An Extra “Hand”
Tom Beekman, the aviation standards coordinator at JAARS, has gotten to know the Dallas/Fort Worth International Airport well this last year. He made six trips back and forth from Waxhaw, North Carolina to that airport as he worked with a Texas company to obtain FAA certification for the use of an S-TEC 3100 autopilot system in PC-6 aircraft.
YAJASI, our mission aviation partner in Indonesia, wanted to install this autopilot system in their PC-6 aircraft and had requested our help in obtaining the required FAA certification. The process required that we have an S-TEC 3100 installed in our own PC-6. It could then be used for the certification process and, later, for training future mission pilots. People like you giving to Aviation Solutions helped make this purchase possible. Thank you!
Tom Beekman flew the JAARS PC-6 to Texas in November 2020 without an autopilot system, taking about eight and a half hours with three stops. It was a high-workload IFR (Instrument Flight Rules) flight with plenty of rain and clouds along the way and busy communications with air traffic control. He had to constantly scan his flight and engine instruments to make sure the aircraft stayed on course and at the right altitude or airspeed, making small corrections as needed. When he arrived, he was worn out!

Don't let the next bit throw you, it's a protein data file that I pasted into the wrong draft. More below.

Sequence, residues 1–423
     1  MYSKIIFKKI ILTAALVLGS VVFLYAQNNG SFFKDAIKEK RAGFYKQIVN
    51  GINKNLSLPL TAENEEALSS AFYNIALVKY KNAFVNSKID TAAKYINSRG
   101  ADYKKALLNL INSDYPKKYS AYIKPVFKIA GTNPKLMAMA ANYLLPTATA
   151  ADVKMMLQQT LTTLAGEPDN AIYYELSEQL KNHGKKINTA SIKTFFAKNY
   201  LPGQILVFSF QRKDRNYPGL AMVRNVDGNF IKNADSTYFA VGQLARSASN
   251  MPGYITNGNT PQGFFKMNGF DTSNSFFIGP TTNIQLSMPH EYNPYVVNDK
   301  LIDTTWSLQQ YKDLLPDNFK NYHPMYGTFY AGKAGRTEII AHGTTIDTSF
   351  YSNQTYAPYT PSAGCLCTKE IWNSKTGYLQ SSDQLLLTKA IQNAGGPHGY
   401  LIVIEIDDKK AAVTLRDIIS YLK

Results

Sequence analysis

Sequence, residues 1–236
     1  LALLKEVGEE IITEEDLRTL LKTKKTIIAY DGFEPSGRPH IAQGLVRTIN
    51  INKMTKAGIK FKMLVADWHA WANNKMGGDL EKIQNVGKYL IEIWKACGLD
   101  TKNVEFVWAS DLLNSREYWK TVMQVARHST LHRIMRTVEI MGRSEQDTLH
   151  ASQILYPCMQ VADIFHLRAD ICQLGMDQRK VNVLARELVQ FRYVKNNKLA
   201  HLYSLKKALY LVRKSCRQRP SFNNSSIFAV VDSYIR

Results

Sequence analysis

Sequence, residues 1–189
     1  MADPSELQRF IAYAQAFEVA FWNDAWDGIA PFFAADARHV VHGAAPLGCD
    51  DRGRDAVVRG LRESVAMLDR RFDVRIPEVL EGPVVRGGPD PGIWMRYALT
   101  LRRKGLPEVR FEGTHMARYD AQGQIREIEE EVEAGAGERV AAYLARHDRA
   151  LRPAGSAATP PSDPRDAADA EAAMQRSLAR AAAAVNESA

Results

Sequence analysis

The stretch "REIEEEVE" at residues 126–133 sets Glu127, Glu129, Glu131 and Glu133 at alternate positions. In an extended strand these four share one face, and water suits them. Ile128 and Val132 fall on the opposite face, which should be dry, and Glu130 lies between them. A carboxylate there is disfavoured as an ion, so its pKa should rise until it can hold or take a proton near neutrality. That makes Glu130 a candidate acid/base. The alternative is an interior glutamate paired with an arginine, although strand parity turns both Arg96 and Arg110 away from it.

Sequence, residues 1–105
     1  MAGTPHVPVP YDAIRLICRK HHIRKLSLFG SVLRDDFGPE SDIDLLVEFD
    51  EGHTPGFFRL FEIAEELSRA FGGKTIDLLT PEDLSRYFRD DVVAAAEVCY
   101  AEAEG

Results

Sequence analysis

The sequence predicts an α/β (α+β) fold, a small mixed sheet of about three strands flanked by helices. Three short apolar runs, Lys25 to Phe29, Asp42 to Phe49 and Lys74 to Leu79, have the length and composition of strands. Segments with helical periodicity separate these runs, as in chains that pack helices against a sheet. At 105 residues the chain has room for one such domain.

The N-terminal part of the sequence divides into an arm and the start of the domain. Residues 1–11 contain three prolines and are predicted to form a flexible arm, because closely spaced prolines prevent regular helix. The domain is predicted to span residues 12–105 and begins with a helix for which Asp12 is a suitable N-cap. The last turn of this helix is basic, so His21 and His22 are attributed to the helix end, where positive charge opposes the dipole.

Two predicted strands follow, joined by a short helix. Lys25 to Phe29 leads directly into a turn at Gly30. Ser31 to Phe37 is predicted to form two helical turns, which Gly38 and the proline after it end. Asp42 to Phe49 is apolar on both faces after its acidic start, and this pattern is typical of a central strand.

An autopilot system can mitigate some of this work for the pilot: “It’s a tool to reduce the workload for the pilot, to allow them to better divide their attention during high-workload phases of flight. It frees them up to handle the important things,” Tom said.
In the Flight Director function of the system, the autopilot computer is on, and pilots can set a specific altitude, airspeed or heading, or climb and descent rates. The Flight Director will then give visual indications, or directions on the primary flight display for the pilots to follow. This helps them by displaying the pitch and bank that they need to maintain and by performing the scan for them.
When the autopilot system is engaged, it actually makes the adjustments needed to stay on course. “Having an extra ‘hand’ to hold the aircraft steady and remind you of things is a really good tool,” Tom explained. When the autopilot’s flying, he just has to monitor it and make sure it’s still doing what he asked it to do.
Tom had to do a little more than that in Texas for the certification. He’d fly the aircraft for four or five days to test the autopilot system, then fly back to North Carolina while the company worked on fine-tuning the system’s programming and installation to the PC-6’s specifications. Then Tom would return a few weeks later for more testing. After about six months, the autopilot system was completely calibrated and ready for use.
Here at JAARS, the autopilot system will be used for training pilots who will be serving overseas in countries such as Indonesia and Papua New Guinea where the planes are equipped with this system. “[The autopilot] is a really good tool to teach [the pilot] to plan three or four steps ahead. Making sure the pilots know how to use automation, and when to use it and when not to use it will be a great training tool,” Tom said.
We are thankful for this extra “hand” of safety and effectiveness that the autopilot system gives JAARS-trained pilots overseas, and for your part in providing it!
You can help us train pilots to serve Bible translation overseas by giving to Aviation Solutions.